I had no plans to swim in college. That was never something I had planned on when I began applying to college. My initial plan was to move as far away from my hometown as my parents would let me go. In fact, I think it was pretty much fate that lead me to my collegiate swimming career. If it wasn’t for that school, I may not have earned the degrees in my subject fields, the current career path I’m on, and possibly even the mental strength I possess to deal with my chronic illness.
I had received a pamphlet in the mail about my university, and my parents encouraged me to look it up. When they realized it was twelve hours away, they were hesitant, but the affordability of university eased their minds. For whatever reason, they agreed to drive me TWELVE HOURS out to South Dakota, and we looked at a few other schools on the way. The funniest part about all of this was that after touring the other schools, I had no interest in attending the college I ended up graduating from. It wasn’t until I ran into a professor, who then introduced me to the head swim coach, that I had any interest in my university. Like I said, complete fate is how I believe this all came together. Two months later, my future coach called to inform me that there was a spot on the team if I wanted it. While I had not originally planned to swim in college, much less at the Division II level, I found myself committing.
My college swim career did not go as I planned. I never thought that I’d break records or earn a national time cut, but I sure as hell did not think I’d miss almost a year and a half collectively. My first injury came my sophomore year of college. I began experiencing pain my right groin area, but I ignored it. I was running and swimming four hours a day, and was honestly still getting used to the demands of college athletics. It wasn’t until I found myself in extreme pain during a kick set that I made my way to the trainers, and it wasn’t until I was crying while walking across my small campus to get to class that I asked for things to be escalated. An x-ray and three MRI’s later, it was determined that I had torn the labrum in my right hip, and I needed surgery. I ended up missing the entirety of my sophomore season, but gained that year back with a medical red-shirt.
It was frustrating to have to sit on the sidelines and watch my teammates compete. It was frustrating to sit through four months of physical therapy post-surgery until I was cleared to swim. All I wanted to do was be back in the pool with my teammates, and I was SO relieved when that day finally came. I had been out of the water almost six months, and I was not in the same shape as when I left the pool. I worked my butt off to get back to where I was before I had surgery. Then during the middle of a practice where I was finally feeling like I was back at pre-injury speed, my coach pulled me out of the pool again. Except this time, it was very obvious something was wrong. My right arm was swollen, and my hand was a blueish-purple color. Within the next two days it would be determined that I had Thoracic Outlet Syndrome, and had then developed Paget-Schroetter Syndrome. I had a blood clot in my shoulder, and underwent surgery within the next week. I missed ANOTHER six weeks of swimming, required more physical therapy, and was not cleared to compete until about two months later. It was another frustrating recovery period, but I was yet again optimistic that I could come back just as strong.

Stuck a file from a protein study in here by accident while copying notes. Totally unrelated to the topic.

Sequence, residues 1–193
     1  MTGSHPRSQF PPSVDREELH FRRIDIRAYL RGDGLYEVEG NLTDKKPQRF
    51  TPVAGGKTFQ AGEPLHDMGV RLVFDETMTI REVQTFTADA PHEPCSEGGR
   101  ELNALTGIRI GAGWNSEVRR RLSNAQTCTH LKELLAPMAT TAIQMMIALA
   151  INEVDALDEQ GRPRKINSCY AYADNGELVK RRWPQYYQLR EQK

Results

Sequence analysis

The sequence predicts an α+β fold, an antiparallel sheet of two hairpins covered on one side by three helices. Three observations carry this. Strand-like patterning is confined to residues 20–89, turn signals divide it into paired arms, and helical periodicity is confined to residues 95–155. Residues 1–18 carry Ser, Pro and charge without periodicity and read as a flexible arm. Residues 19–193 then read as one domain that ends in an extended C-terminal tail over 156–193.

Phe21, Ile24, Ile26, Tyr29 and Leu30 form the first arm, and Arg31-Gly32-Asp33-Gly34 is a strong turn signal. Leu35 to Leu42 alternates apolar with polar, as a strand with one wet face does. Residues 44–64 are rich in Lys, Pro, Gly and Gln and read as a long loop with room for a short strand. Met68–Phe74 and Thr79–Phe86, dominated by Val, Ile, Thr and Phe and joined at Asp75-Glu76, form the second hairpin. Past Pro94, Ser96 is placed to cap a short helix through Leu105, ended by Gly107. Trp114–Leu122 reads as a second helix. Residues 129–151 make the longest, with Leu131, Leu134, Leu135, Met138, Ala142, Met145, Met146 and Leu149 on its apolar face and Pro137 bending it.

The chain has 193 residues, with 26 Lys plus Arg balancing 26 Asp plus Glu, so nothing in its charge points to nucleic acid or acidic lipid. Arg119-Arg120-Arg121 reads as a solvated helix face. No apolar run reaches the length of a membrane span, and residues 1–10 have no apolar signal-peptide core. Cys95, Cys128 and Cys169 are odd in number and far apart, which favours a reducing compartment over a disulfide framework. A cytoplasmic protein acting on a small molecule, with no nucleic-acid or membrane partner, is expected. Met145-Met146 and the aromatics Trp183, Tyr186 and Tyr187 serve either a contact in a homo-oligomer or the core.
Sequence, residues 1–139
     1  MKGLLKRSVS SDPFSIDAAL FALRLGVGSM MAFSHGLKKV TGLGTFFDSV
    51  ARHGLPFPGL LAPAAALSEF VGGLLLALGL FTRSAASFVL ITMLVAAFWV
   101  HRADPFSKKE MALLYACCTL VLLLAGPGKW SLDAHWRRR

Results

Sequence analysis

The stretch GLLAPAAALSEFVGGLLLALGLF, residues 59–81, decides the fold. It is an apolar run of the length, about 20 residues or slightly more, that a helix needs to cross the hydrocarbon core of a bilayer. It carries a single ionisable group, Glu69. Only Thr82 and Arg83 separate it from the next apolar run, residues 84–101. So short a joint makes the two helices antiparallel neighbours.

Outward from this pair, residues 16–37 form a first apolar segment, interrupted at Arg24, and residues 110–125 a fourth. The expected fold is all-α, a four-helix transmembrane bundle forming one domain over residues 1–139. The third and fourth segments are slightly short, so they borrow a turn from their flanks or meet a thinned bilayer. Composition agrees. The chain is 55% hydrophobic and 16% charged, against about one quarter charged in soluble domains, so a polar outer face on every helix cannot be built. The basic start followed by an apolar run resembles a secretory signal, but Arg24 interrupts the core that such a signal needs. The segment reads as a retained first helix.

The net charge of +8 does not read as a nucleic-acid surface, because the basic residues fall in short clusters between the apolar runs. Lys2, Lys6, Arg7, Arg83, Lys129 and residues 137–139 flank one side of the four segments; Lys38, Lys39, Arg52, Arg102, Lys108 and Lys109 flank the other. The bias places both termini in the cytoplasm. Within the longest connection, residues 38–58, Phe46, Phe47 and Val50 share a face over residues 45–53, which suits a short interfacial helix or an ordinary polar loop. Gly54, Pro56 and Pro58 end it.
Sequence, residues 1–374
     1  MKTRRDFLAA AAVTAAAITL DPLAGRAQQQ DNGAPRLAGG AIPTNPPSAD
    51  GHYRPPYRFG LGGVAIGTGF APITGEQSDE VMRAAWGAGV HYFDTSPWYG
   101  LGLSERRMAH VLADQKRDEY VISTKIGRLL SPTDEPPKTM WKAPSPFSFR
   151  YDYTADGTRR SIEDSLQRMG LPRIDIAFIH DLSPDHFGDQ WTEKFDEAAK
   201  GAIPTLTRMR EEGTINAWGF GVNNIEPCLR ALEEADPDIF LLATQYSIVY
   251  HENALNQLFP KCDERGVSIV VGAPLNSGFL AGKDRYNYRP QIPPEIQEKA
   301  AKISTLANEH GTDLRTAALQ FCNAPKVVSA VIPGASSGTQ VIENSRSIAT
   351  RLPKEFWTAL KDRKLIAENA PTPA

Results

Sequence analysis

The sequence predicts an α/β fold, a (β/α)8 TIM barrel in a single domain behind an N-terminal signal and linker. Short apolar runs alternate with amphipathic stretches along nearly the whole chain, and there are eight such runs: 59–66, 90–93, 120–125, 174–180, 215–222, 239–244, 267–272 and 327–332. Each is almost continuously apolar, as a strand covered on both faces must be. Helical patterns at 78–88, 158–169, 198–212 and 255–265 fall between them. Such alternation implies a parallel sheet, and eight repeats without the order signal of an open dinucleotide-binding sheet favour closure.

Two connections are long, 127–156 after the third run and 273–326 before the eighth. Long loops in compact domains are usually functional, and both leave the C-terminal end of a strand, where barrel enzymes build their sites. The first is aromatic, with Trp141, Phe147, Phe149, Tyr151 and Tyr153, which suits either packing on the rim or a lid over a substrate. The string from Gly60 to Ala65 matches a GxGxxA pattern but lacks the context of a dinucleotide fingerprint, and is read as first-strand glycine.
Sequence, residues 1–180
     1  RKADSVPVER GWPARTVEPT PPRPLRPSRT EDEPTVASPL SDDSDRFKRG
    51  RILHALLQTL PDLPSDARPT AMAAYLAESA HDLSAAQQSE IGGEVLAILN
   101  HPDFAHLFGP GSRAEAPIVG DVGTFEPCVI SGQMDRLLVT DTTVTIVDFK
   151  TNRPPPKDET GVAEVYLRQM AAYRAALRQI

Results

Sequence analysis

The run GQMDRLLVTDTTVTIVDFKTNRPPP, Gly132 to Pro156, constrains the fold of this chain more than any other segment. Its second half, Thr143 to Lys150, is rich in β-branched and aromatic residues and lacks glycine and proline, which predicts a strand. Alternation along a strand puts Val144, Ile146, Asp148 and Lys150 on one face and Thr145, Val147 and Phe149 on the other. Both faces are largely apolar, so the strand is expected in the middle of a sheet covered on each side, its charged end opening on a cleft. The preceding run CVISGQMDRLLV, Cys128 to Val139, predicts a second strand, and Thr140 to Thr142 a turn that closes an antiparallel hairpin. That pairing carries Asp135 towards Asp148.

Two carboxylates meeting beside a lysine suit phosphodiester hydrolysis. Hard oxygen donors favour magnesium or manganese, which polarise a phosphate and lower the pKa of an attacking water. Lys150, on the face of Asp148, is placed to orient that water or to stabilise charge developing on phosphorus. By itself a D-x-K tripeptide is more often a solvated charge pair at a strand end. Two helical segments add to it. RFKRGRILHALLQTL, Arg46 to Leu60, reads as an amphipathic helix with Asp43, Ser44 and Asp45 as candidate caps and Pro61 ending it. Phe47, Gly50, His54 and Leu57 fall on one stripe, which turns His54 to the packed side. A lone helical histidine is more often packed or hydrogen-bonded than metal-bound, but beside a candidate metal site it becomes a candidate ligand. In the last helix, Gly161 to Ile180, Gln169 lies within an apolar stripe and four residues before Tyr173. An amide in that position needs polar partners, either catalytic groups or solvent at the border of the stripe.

My third full year of swimming was one of my best. I had be voted captain of my team, I was back to times that I had been seeing before either surgery, and I made finals in every event I swam at my conference meet. Then my last year, I slipped on the ice in the parking lot before morning practice and fractured my left radius. I was only out for about a month, but it made made me question taking my fifth year. I was frustrated, I wanted to quit, and I was devastated with the luck I seemed to have. Somehow though, I came back for a third time. My arm healed, and I finished out my year with the same optimism and positivity that I had shown during my other two injuries. It was tough, but I loved swimming and I wanted to finish out my career.
After I graduated college, I thought I was done with being injured. I was ready to live a normal life, workout when I wanted, and start my professional career in the STEM field. That following August, I was diagnosed with Type 1 Diabetes. I was furious, terrified, and any of the strength I had shown during my previous health battles was gone. The moment that I realized that there was no cure or quick fix, it destroyed me. I had been so lucky before with my previous problems. They could all be fixed, but no doctor in the world at this time can make my pancreas produce insulin again. It was a hard pill to swallow, and it was even harder to accept that there was no way to prevent this.
After going through what felt like the five stages of grief, I accepted my diagnosis. It certainly wasn’t easy, and it wasn’t a fast process, but I found the same strength I had during my doomed collegiate swim career. I think that the strength I experienced so many times before helped me carry the weight of my Type 1 Diabetes diagnosis. If I had not gone to my university and swam, and experienced that kind of set back, I think my acceptance of my diagnosis would have been very different. The way I carry myself as a Type 1 Diabetic could be very different. I am certainly not happy that I have to live with this awful disease, but I’m thankful for the experiences that I have had so far, no matter how difficult they were at the time. They helped proved to me that I can get through some of the hardest days with Diabetes.